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BGA Pad Size

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5not4 View Drop Down
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    Posted: 27 Feb 2020 at 8:54am
Tom.
 
Can you explain how the tool calculates the footprint pad size for BGA's?
 
Looking through IPC-7351B there are many explanations that seem to point to different sizes than the tool creates.
 
Also, most manufactures suggest the footprint pad size should match the interposer pad size and I have yet to see the calculators create an equal pad size.
 
Roy.
 
 
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Post Options Post Options   Thanks (0) Thanks(0)   Quote Tom H Quote  Post ReplyReply Direct Link To This Post Posted: 27 Feb 2020 at 11:31am
The IPC mathematical model uses this table to calculate BGA pad stacks, but the Library Expert Preferences allows the User to change the values to whatever works best for you. 

IPC uses different reduction values for various ball sizes and the Maximum Material Condition of the Land Variation. 



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Post Options Post Options   Thanks (0) Thanks(0)   Quote 5not4 Quote  Post ReplyReply Direct Link To This Post Posted: 27 Feb 2020 at 12:03pm
Thanks Tom.
 
I have an issue with that chart from IPC - it doesn't take into account devices with less than 1.0mm pitch which (according to IPC) requires 10% reduction.

14.2.4  Attachment Site Planning The attachment site or land pattern geometry recommended for BGA devices is round with the diameter adjusted to meet contact pitch and size variation. The diameter of the land should be no larger than the diameter of the land at the package interface and is typically 20% smaller than the normal diameter specified for the ball contact for pitches greater than 1.0 mm and 10% smaller for pitches less than 1.0 mm. Refer to the manufacturer specification before finalizing land pattern array and geometry. 

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Post Options Post Options   Thanks (0) Thanks(0)   Quote Tom H Quote  Post ReplyReply Direct Link To This Post Posted: 27 Feb 2020 at 1:01pm
IPC-7351B Paragraph 14.2.4 seems to contradict everything else. 

Here are several things about BGA's that every PCB designer needs to know. 

1. Once the pin pitch is 0.50 or lower, the normal dog-bone via fanout cannot be used. 
2. The BGA Ball should collapse around the pad. 


3. Most 0.50 mm pitch BGA balls are not collapsible. The pad size must be made larger to accommodate via-in-pad technology and have an adequate annular ring for fabrication.


4. Most via-in-pad sizes are 0.15 mm and today's fabrication technology can drill through the board.
Unlike 10 years ago when 0.15 mm vias had to be blind vias and required mass lamination.
This was and is expensive. The via-in-pad must be plugged, plated over and planarized flat.
Any dimple will trap air and cause Ball Voiding.



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Post Options Post Options   Thanks (0) Thanks(0)   Quote stanleycayochok Quote  Post ReplyReply Direct Link To This Post Posted: 22 Mar 2021 at 1:08am
Hi Tom,

I've noticed that the Min and Max Land variation range has no pattern from 0.3mm down to 0.15mm nominal ball diameter. The values are 0.05mm, 0.03mm and 0.06mm for the collapsing BGA.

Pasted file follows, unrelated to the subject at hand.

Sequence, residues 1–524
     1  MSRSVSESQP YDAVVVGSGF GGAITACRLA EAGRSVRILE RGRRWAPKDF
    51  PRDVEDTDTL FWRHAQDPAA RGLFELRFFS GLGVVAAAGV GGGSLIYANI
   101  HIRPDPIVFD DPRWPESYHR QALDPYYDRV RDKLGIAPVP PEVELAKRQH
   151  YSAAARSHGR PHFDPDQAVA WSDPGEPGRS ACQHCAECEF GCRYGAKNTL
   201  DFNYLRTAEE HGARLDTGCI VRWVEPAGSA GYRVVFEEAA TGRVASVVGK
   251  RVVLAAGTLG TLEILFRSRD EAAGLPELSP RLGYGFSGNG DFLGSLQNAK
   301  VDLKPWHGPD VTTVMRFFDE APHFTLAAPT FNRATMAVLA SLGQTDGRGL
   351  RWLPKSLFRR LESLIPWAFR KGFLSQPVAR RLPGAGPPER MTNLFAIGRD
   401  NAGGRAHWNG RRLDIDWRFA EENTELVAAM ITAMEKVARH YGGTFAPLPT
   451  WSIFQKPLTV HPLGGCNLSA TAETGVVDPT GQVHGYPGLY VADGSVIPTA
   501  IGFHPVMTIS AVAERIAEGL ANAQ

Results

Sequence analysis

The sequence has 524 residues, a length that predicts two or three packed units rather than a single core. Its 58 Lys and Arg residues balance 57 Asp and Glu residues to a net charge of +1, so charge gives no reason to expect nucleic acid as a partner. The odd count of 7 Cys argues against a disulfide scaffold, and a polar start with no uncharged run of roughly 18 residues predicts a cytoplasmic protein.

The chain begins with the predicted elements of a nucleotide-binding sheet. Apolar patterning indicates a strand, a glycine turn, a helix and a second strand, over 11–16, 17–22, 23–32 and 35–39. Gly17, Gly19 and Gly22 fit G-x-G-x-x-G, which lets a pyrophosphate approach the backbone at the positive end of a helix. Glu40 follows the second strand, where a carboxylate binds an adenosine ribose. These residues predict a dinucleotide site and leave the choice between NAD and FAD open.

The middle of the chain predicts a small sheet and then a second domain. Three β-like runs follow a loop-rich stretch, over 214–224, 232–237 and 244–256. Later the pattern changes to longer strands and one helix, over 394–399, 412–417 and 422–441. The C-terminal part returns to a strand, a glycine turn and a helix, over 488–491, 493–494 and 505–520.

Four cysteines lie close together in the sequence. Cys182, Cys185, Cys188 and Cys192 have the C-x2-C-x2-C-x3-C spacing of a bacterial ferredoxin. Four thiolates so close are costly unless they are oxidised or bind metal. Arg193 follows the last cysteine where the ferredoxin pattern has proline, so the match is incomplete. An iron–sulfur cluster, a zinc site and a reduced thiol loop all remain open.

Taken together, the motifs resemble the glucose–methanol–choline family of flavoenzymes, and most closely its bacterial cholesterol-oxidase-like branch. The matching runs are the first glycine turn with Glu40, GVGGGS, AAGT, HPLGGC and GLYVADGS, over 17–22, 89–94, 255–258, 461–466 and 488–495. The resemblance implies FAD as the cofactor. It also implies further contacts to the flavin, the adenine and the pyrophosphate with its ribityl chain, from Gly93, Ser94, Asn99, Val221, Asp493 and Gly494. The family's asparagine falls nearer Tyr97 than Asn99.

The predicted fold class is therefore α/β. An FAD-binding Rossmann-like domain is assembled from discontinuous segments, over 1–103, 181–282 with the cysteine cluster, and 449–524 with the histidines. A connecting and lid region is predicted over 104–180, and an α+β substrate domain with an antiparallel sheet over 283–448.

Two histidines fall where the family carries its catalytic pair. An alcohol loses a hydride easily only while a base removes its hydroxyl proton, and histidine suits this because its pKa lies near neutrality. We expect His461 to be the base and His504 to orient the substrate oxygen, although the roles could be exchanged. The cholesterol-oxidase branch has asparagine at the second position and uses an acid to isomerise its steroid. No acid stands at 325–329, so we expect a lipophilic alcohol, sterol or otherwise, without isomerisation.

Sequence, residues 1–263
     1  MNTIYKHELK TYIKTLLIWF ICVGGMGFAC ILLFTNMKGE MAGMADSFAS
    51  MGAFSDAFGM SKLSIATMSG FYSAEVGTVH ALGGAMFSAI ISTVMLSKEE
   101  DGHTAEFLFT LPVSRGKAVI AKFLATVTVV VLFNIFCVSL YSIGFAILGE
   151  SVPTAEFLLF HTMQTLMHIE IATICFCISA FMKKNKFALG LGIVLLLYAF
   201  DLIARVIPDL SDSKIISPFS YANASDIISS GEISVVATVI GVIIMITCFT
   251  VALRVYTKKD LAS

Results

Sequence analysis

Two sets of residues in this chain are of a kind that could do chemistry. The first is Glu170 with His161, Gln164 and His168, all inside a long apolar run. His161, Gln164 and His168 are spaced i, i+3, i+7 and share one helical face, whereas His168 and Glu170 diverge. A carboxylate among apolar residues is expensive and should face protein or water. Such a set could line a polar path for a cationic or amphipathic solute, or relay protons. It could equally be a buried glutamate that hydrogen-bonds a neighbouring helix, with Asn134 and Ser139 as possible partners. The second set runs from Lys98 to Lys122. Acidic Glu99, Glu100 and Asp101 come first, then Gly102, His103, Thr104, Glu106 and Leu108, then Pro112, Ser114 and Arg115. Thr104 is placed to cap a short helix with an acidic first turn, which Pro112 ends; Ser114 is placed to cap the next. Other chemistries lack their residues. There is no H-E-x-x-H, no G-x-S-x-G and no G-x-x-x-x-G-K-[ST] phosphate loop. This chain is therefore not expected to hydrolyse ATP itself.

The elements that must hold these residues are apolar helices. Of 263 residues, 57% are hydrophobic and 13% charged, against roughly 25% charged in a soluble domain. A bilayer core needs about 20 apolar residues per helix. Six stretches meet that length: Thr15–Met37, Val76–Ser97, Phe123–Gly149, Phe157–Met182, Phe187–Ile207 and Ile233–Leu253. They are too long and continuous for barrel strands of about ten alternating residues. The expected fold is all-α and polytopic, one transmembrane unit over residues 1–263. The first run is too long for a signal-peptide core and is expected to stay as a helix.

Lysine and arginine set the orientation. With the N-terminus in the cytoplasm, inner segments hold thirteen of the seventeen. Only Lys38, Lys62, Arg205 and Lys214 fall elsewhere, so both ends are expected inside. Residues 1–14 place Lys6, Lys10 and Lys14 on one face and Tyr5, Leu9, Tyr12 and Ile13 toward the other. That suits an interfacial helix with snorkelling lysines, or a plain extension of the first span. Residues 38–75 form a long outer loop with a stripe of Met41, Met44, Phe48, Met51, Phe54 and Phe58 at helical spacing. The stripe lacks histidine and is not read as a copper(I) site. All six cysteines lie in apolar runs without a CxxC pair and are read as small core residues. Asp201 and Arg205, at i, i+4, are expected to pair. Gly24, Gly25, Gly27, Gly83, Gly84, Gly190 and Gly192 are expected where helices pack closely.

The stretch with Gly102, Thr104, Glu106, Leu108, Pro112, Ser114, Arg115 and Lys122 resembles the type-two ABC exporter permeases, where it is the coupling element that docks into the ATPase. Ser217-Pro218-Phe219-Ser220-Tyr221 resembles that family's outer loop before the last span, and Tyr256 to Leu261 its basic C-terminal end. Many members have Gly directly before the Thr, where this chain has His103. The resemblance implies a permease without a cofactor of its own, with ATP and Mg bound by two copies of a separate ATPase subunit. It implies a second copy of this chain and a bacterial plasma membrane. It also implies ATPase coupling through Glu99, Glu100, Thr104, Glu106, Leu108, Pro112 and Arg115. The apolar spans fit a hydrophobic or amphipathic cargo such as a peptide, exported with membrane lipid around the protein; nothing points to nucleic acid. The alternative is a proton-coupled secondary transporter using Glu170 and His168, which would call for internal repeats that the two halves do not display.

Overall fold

Library Expert seems to standardize it for the Non Collapsing BGA at 0.06mm for 0.20 to 0.17 nominal ball diameter.

My question is what would be the Max - Min used for nom. balls that are not in the table for collapsing BGA.
Example a 0.26mm nominal ball diameter or a 0.33mm nominal ball diameter.

Would it be OK to set the Max- Min to a single value like 0.06mm for collapsing BGA balls of 0.30mm to 0.15mm nominal ball diameter?


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Post Options Post Options   Thanks (0) Thanks(0)   Quote Tom H Quote  Post ReplyReply Direct Link To This Post Posted: 22 Mar 2021 at 2:10pm
Non-collapsing BGA balls are intended for fine pitch parts where a normal dog-bone via fanout cannot be achieved and you must use via-in-pad technology for this trace routing solution. 

Non-collapsing BGA's have larger pads to accommodate via-in-pad and establish an adequate annular ring. The BGA ball does not collapse around the edge of the pad like a collapsing ball does. 

Rather, the solder mask is usually 1:1 scale of the pad size or even a solder mask defined pad to allow solder over the pad edge. This technique helps secure the pad to the prepreg. 

When the pad size gets too small, the assembly might be compromised in drop tests where the solder joint does not break but the pad to prepreg becomes detached, creating an open connection and then failure. 

Make your min/max land variation decision with this information. 

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Post Options Post Options   Thanks (0) Thanks(0)   Quote stanleycayochok Quote  Post ReplyReply Direct Link To This Post Posted: 30 Mar 2021 at 10:35pm
Thanks Tom.
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Post Options Post Options   Thanks (1) Thanks(1)   Quote flatronics Quote  Post ReplyReply Direct Link To This Post Posted: 22 Jun 2022 at 9:11pm
Hi Tom,

Is the Nominal Land Diameter and Reduced Ball diameter from the above tables the same?

What will be the actual Land Diameter from the table to be used in our pad stack? Will it be the Nominal Land Diameter/Reduced Ball Diameter or the Finished Land Diameter?

I'd really appreciate your response.

Thank you very much in advanced.
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Post Options Post Options   Thanks (1) Thanks(1)   Quote Tom H Quote  Post ReplyReply Direct Link To This Post Posted: 23 Jun 2022 at 7:52am
Here is the BGA Pad Size Reduction table for Collapsing Balls: 
 

 

Here is the BGA Pad Size Reduction table for Non-Collapsing Balls: 
 

 
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